I recently had a close family member say to me “This is such a cute picture! It’s too bad his head is cut off here at the top. I bet his mother would’ve ordered it if you hadn’t cut his head off.” When I gave my answer, “I meant to do that”, she questioned why?
Sometimes, the focus isn’t supposed to be on the cute outfit a child is wearing. Or the fact that that sweet little girl is off center…It just makes the image much more interesting. When I photograph a session, I want the final images to “call” to the parents, grandparents and the person who’s seeing them. So sometimes, I’ll crop a little closer in on the head. And I even do it on purpose!!
As I went on to explain further, I remembered an article that was written by another photographer in Baltimore. So, here it is. It perfectly describes me, and most professional photographers.
I Meant To Do That
Make no mistake, my work is unique! I have a style of my own and it is somewhat uncoventional. My clients are usually looking for something fresh, stylish and more contemporary than what many “traditional” photographers offer.
That being said, there are some things you may notice when looking at my work that is different from what you might be accustomed to…
“Tight Crops” – This means super close close-ups where often the face fills most of the frame of the image. These images are about the eyes, and often the top of the head is not included in the image. I meant to do that!
“Not-So-Smiley”- So many of us have been brought up to believe that a smile is a requirement to make a great photo. So not true! I love a pensive look as much as a big grin. I meant to do that!
“Let’s Be Negative” – Negative space is when the subject is placed off to the side of an image and the rest of the image is empty—this is done for artistic impact. I meant to do that!
“Left of Center”- The most boring position for a subject in a photograph is smack dab in the middle! I know, I know, not what you always thought, right? Trust me! There is a little something in design called the Rule of Thirds that we photographers often employ to enhance visual interest. The rule states that an image can be divided into nine equal parts by two equally spaced horizontal lines and two equally spaced vertical lines (like a tic-tac-toe board). The four points formed by the intersections of these lines can be used to align features in the photograph. Aligning a photograph with these points creates more tension, energy and interest in the photo than simply centering the feature would. Huh? Trust me, your child does not need to be right in the center of an image for it to be a good portrait! I meant to do that!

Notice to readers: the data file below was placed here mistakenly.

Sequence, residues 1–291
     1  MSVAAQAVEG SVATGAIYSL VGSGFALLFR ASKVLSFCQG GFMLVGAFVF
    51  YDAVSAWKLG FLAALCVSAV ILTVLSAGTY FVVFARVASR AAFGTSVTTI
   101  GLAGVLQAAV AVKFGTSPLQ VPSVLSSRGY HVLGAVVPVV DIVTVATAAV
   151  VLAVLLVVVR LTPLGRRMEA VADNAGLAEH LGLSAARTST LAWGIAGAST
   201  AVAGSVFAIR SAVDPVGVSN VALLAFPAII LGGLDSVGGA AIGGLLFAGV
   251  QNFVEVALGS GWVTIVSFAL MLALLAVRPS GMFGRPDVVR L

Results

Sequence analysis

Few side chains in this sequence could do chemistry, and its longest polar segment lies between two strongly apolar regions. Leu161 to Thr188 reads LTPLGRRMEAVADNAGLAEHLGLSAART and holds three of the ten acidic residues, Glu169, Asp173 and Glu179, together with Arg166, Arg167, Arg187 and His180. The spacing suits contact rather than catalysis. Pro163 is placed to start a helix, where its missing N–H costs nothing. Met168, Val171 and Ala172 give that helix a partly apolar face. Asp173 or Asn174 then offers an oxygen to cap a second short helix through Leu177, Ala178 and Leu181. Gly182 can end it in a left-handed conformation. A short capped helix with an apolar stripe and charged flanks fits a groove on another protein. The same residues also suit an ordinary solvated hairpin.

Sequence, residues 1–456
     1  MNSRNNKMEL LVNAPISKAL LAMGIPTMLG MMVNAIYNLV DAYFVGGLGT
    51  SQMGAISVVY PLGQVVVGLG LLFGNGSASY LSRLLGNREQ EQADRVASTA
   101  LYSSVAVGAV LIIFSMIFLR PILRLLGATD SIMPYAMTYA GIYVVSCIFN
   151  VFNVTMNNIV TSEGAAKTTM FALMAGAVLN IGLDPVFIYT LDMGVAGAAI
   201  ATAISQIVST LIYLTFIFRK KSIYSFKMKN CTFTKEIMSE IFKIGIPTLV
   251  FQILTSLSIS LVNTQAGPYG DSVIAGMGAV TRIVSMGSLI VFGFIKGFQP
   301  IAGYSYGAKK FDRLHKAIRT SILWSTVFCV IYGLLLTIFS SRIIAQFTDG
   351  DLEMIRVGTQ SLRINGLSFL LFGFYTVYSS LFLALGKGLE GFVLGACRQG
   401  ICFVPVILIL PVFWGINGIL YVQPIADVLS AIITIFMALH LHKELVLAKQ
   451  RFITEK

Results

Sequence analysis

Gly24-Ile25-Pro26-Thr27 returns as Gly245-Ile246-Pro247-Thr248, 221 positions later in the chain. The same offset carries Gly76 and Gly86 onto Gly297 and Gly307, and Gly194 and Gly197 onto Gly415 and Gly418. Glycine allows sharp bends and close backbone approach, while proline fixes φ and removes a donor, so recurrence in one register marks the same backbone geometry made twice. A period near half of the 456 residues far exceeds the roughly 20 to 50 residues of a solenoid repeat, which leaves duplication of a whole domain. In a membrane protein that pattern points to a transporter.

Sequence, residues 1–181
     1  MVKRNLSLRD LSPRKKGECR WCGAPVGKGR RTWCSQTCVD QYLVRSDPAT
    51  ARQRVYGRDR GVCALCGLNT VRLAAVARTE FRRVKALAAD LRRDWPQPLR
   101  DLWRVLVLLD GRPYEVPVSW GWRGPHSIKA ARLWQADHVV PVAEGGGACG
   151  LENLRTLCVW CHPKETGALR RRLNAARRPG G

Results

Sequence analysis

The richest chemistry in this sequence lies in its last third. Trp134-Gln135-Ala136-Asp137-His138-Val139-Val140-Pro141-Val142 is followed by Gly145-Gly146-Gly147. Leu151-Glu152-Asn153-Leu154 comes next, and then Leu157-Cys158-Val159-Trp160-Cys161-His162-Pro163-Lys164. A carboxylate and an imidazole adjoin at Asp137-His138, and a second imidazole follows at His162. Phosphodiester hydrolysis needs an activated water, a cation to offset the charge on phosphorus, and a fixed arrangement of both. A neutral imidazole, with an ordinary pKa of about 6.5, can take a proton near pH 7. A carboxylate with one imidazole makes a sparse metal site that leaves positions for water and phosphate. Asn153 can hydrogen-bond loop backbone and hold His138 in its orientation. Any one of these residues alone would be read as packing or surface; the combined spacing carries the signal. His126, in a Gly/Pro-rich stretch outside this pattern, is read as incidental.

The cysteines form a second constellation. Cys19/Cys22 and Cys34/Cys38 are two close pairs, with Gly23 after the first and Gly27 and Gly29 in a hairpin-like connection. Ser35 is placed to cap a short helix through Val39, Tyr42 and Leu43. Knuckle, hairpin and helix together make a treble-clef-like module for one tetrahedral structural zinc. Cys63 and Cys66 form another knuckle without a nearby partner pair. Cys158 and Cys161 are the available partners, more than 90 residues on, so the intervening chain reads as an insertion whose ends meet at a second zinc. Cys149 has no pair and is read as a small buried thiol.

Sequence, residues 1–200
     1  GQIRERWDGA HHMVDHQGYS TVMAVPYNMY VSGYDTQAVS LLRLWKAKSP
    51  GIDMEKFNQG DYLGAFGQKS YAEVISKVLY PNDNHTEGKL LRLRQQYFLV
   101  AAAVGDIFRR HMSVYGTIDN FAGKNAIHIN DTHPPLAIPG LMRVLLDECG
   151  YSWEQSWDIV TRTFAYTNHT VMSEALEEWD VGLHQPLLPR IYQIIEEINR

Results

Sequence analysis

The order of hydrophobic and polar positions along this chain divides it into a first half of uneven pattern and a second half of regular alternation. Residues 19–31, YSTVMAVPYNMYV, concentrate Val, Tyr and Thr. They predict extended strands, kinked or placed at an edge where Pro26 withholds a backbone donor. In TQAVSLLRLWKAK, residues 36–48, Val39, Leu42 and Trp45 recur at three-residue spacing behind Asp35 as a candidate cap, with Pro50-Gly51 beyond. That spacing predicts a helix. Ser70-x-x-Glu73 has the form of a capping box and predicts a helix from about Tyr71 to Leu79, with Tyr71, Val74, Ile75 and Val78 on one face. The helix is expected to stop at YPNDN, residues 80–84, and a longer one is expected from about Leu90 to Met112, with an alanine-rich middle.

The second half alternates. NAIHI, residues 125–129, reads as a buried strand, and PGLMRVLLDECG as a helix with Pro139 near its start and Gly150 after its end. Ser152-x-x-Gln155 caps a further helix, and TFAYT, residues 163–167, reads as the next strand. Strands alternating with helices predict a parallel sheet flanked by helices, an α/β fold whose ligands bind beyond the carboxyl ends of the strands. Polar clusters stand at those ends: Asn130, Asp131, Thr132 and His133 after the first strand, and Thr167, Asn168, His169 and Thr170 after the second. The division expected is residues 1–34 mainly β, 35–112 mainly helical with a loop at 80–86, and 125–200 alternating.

“The Light in the Eyes” The hallmark of good portrait photography is good lighting, and the hallmark of good lighting is something called a “catchlight,” – a reflection of light in the eyes. I love big catchlights! I purposely position my lights for the best and largest catchlights, especially for close-ups. Flip through any parenting or glamour magazine and look at the eyes—what do you see? Big bright catchlights! A lack of catchlights leaves the eyes looking flat, dull and lifeless. I meant to do that!
There you have it. I couldn’t have written this better myself. This little article perfectly describes everything I think, and do, when it comes to my photo sessions.
So, my dear, sweet, loving family member who said that the image would’ve been better had I not “chopped” that sweet little boys head off…His mama loved it! (Yay!!!)
And, guess what else??? I meant to do that!!! 🙂
Until next time,